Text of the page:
I’ve been up a mountain.
It didn’t help.
No change to my personality or outlook occurred, nor do people sense a degree of empowerment about the way I walk now.
I meet challenges in the exact same manner as I did before.
And so it was that I came to realise- these metaphors…they are bollocks.
A mountain is the literal poster-boy of determination; the metaphor used by those to say: “you should probably respect me because I went up that, you know”.
Climbing a mountain is one thing that takes determination for some. It is only relative.
This was one of those metaphors that one simply encounters in life, and it has no bearing on the way you perceive your events and course. Climbing a mountain- something that for some is the establishment of ‘Let’s do something tricky’, is for many others a challenge that is not apparent as such.
For many others, a greater challenge would be what consumes their interest. Like a woman that sits down one morning and decides that the only way to continue is to eat only things that are alive and really rather wriggly when encountering a fork.
That is tricky.
Now, I’m not saying that for me climbing a mountain is easy, though it is one ‘helluva’ (that’s right- ‘helluva’) lot easier to walk up one than to climb up one. It’s just…what’s the pay-off?
Well, in this you have two main aspects.
To begin with, finally you have the view from the top. That’s a big one, though interestingly enough you need to be atop a mountain with the view a bit further than the end of your nose. Fog, mist and cloud cover might get in the way of what there is to see, although as well, perhaps the fog is what there is to see. I suppose it’s a little weird, so I suppose it’s a little enjoyable.
And this leads me onto the second point. The interesting things that might occur to your person as you make you way up and down.
I was nearly blown off a mountainside in a torrent of rain and punch of wind. A tempest you might say, only punchier.
Here, the acquisition of the summit mattered not- it was the danger and activity at all other points that made me smile. The pay-off was the wandering, not the arrival.
And so it might go as truth to say that all the pleasure of the journey could have been achieved by avoiding the top. Should anything of value to you occur at the top- then that is due to luck rather than likelihood.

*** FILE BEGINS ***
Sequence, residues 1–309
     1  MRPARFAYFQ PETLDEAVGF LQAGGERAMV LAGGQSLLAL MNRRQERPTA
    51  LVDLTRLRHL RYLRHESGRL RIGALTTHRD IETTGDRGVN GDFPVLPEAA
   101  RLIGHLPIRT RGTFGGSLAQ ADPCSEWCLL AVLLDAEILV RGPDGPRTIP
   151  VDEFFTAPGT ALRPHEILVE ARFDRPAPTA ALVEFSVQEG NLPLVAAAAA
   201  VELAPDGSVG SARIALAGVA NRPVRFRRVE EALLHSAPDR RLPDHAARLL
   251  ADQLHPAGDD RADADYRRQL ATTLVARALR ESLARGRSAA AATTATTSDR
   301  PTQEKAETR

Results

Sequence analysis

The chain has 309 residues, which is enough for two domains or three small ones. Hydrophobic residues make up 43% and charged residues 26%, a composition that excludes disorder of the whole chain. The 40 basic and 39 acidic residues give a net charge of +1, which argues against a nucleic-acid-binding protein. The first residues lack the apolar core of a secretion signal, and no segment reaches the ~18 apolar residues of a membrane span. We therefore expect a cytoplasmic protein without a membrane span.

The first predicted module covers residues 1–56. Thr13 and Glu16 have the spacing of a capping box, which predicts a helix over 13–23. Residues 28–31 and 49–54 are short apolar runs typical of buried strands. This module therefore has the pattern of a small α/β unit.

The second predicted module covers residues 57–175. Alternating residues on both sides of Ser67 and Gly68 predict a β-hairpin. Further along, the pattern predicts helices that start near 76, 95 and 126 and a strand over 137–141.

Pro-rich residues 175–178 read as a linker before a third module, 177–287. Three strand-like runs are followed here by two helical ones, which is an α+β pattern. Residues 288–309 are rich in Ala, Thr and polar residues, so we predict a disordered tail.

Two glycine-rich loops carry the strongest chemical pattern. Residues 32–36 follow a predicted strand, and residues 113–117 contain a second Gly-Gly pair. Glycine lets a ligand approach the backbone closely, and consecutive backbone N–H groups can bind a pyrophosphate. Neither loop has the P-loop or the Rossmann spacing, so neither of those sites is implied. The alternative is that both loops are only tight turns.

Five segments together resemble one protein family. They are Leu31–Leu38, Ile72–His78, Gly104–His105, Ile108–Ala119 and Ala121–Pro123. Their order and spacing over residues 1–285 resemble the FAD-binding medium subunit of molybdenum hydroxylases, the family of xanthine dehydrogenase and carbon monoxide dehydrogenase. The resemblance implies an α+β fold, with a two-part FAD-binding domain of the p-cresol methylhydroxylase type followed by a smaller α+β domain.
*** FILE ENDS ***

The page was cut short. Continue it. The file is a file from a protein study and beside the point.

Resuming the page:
Yet, for so many the summit seems to be the entire point, whereas one might argue that, aside from what I have already, the point is in striving through the climb and having a really bad time. If you don’t do that, then the reason for the climb is lost for so many.
“I hope you nearly fall off the mountain. That’s why you’re going isn’t it?”
And what other metaphors and sayings amount to a severe need to be reconsidered?
The question: ‘Sheep?’ is a good one.
Yes, sheep are like the people they are aligned to in metaphor. Running to and with the crowd. Gnawing upon crud, doing little else. Being fairly thick.
But you’d better believe that for some reason, out of nowhere, out of some-hellish-blue those woolly fuckers will head-butt you and any part of you.
The average man in the street is not of this ilk. He will not head-butt you here, there or anywhere, whereas I prefer to assume that a sheep is going to head-butt some portion of my person. This is from valued, ugly and- yes- regrettably woolly experience.
As for a next step from here, now that we all know what’s really going on, it is apparent that we should establish a whole bunch of new metaphors and, as such, sayings.
“Eiffel Tower It” is a saying that I hope will come into pass one day when someone does something vital at the time to someone else using the Eiffel Tower. Whatever that thing is, and it will likely involved thrusting, I hope the saying lasts.
“The Metaphors Are Rusty” is evidently an appropriate saying for when the components of the old world crumble in the face of actual experience by each new generation. “The Writing’s On The Wall” in this case, that a thorough and piercing re-evaluation of what words in a certain order were previously ours.
So “The Metaphors Are Rusty”, and I’m about to make like a banana.
You may find me making like a banana at neither the top nor bottom of a mountain, but everywhere in-between.